"Couldn't that child simply not believe it?"
"Their minds are impressionable," the man responded.
"So, let parents make a decent first impression," I explained.
The librarian offered a new solution. Instead of banning all information, perhaps we could create a book filtering program where we might be able to search for books that are appropriate for children. After all, in this wild information age, we need an authority figure who can decipher what is best for children.
* * *
So, we get our list two weeks later from the Book Banning Committee. "You want to ban Tolstoy?" I ask the representative.
"He's offensive. And Anna Karenina has some lewd material in it."
"What about our one American classic, The Scarlet Letter?"
"The protagonist is an adulterer and I hate to be a spoiler but the man who caused the problems is a minister."
"No Mark Twain?"
"Can you trust the guy? He won't even use his real name. That man is shifty, I tell you."
He hands me the codes they use for the books: occultism, nudity, violence, sexual situations, homosexuality (got Whitman right there), anti-family, unsuitable to age group, suicide.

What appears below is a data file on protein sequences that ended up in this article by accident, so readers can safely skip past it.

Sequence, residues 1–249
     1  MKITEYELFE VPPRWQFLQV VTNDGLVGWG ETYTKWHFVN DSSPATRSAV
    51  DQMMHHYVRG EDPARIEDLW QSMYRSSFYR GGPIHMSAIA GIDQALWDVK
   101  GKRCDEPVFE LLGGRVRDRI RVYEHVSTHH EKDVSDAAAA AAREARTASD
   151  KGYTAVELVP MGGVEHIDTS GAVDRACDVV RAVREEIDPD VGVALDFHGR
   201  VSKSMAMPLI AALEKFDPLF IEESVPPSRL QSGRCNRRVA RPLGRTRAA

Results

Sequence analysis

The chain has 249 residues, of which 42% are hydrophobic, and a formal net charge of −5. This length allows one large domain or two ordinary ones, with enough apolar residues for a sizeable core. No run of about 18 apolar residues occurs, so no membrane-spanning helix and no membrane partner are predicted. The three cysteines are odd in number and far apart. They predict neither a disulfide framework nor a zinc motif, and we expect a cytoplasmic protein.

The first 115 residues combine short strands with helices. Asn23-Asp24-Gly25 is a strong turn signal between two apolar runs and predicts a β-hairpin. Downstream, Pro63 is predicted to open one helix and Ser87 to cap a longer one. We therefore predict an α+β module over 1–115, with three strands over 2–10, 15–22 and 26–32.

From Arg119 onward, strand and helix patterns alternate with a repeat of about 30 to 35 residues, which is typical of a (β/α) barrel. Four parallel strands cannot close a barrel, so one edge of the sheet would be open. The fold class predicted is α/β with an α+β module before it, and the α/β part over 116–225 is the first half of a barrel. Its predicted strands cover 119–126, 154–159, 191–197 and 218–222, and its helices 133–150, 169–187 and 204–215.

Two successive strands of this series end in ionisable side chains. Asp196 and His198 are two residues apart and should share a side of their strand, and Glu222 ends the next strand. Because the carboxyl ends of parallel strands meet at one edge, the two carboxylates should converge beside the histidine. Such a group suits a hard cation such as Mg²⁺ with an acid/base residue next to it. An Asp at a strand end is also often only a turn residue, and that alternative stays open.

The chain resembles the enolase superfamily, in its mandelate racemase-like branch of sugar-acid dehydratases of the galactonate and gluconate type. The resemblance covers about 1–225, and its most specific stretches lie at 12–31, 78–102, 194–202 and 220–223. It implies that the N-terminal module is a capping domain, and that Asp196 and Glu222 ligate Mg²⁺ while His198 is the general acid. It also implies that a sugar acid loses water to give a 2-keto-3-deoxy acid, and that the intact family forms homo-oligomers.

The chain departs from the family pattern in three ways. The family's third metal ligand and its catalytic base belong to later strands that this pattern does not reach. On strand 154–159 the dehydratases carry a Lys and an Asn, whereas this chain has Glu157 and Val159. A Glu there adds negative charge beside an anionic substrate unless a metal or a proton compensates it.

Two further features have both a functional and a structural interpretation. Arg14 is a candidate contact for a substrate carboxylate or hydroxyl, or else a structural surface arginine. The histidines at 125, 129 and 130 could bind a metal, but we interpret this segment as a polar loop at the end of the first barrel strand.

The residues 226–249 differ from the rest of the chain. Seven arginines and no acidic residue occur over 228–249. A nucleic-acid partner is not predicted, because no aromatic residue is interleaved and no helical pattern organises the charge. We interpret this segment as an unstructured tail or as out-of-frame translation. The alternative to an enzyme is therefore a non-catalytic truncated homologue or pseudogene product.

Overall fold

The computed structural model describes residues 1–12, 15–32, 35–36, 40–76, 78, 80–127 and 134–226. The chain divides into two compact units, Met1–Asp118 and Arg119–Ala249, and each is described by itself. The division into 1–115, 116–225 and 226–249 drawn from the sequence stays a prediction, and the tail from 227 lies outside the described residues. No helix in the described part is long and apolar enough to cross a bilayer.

"I have a book that has all of these characteristics. In fact, that main character tells people to abandon their family, is brutally murdered and then his friend commits suicide. Oh yeah, and he is friends with hookers. Should we ban it?"
"Sure, what's the title."
"Oh, it's the Bible."
* * *
Oddly enough, one of the lessons he could have learned from my suggested banned book is that banning something only makes someone want it more. I stole that argument from Paul in Romans (the dead guy and not Paul the Pre-industrial Poet).
Some day kids will quit reading The Scarlet Letter, not because it is so boring (which it is) but because it will be mandatory school reading. If the Book Banning Committee really wants to prevent kids from reading inappropriate texts, they should suggest them as required reading.